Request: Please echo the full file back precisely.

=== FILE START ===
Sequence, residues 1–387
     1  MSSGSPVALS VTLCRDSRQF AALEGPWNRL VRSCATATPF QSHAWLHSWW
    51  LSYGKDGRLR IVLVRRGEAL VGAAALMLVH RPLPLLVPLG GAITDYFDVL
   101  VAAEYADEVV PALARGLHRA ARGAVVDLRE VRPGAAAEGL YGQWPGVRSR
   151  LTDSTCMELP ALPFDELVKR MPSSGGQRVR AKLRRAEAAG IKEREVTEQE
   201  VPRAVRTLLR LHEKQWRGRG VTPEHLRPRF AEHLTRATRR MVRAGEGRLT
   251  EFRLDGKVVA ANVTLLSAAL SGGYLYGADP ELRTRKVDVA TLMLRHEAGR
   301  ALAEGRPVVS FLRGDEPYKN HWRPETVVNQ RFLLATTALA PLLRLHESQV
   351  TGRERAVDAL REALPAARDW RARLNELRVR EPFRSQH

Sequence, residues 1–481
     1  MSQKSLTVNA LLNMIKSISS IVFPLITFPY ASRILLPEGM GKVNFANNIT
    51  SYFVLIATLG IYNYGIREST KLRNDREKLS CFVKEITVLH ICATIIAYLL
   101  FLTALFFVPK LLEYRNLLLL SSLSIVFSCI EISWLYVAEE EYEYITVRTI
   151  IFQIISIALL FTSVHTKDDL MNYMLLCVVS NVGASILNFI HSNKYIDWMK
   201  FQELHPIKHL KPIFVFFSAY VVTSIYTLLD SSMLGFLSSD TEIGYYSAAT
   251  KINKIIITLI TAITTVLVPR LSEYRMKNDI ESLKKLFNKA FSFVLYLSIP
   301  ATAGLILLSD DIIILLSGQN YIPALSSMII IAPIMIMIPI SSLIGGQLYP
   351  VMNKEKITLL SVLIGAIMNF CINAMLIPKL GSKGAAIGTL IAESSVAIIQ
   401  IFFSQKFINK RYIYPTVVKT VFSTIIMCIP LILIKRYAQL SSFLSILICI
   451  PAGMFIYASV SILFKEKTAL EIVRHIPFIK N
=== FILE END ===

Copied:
Sequence, residues 1–387
     1  MSSGSPVALS VTLCRDSRQF AALEGPWNRL VRSCATATPF QSHAWLHSWW
    51  LSYGKDGRLR IVLVRRGEAL VGAAALMLVH RPLPLLVPLG GAITDYFDVL
   101  VAAEYADEVV PALARGLHRA ARGAVVDLRE VRPGAAAEGL YGQWPGVRSR
   151  LTDSTCMELP ALPFDELVKR MPSSGGQRVR AKLRRAEAAG IKEREVTEQE
   201  VPRAVRTLLR LHEKQWRGRG VTPEHLRPRF AEHLTRATRR MVRAGEGRLT
   251  EFRLDGKVVA ANVTLLSAAL SGGYLYGADP ELRTRKVDVA TLMLRHEAGR
   301  ALAEGRPVVS FLRGDEPYKN HWRPETVVNQ RFLLATTALA PLLRLHESQV
   351  TGRERAVDAL REALPAARDW RARLNELRVR EPFRSQH

Sequence, residues 1–481
     1  MSQKSLTVNA LLNMIKSISS IVFPLITFPY ASRILLPEGM GKVNFANNIT
    51  SYFVLIATLG IYNYGIREST KLRNDREKLS CFVKEITVLH ICATIIAYLL
   101  FLTALFFVPK LLEYRNLLLL SSLSIVFSCI EISWLYVAEE EYEYITVRTI
   151  IFQIISIALL FTSVHTKDDL MNYMLLCVVS NVGASILNFI HSNKYIDWMK
   201  FQELHPIKHL KPIFVFFSAY VVTSIYTLLD SSMLGFLSSD TEIGYYSAAT
   251  KINKIIITLI TAITTVLVPR LSEYRMKNDI ESLKKLFNKA FSFVLYLSIP
   301  ATAGLILLSD DIIILLSGQN YIPALSSMII IAPIMIMIPI SSLIGGQLYP
   351  VMNKEKITLL SVLIGAIMNF CINAMLIPKL GSKGAAIGTL IAESSVAIIQ
   401  IFFSQKFINK RYIYPTVVKT VFSTIIMCIP LILIKRYAQL SSFLSILICI
   451  PAGMFIYASV SILFKEKTAL EIVRHIPFIK N